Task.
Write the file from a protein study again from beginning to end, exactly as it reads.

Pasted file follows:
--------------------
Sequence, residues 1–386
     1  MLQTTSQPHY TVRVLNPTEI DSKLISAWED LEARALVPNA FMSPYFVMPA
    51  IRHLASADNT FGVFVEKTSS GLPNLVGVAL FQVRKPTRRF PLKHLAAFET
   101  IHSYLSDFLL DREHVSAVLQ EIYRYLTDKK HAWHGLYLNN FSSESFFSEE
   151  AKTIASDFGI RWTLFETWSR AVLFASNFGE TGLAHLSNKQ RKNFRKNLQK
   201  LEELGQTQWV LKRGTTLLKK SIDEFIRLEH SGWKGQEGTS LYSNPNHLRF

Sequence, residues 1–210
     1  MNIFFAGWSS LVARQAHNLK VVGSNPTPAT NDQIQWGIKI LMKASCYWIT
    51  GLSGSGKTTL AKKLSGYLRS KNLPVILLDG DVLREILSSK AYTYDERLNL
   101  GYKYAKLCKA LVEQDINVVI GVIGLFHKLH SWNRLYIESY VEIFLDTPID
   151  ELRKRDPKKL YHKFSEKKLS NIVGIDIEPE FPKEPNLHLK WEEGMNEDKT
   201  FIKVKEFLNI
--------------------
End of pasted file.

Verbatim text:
Sequence, residues 1–386
     1  MLQTTSQPHY TVRVLNPTEI DSKLISAWED LEARALVPNA FMSPYFVMPA
    51  IRHLASADNT FGVFVEKTSS GLPNLVGVAL FQVRKPTRRF PLKHLAAFET
   101  IHSYLSDFLL DREHVSAVLQ EIYRYLTDKK HAWHGLYLNN FSSESFFSEE
   151  AKTIASDFGI RWTLFETWSR AVLFASNFGE TGLAHLSNKQ RKNFRKNLQK
   201  LEELGQTQWV LKRGTTLLKK SIDEFIRLEH SGWKGQEGTS LYSNPNHLRF

Sequence, residues 1–210
     1  MNIFFAGWSS LVARQAHNLK VVGSNPTPAT NDQIQWGIKI LMKASCYWIT
    51  GLSGSGKTTL AKKLSGYLRS KNLPVILLDG DVLREILSSK AYTYDERLNL
   101  GYKYAKLCKA LVEQDINVVI GVIGLFHKLH SWNRLYIESY VEIFLDTPID
   151  ELRKRDPKKL YHKFSEKKLS NIVGIDIEPE FPKEPNLHLK WEEGMNEDKT
   201  FIKVKEFLNI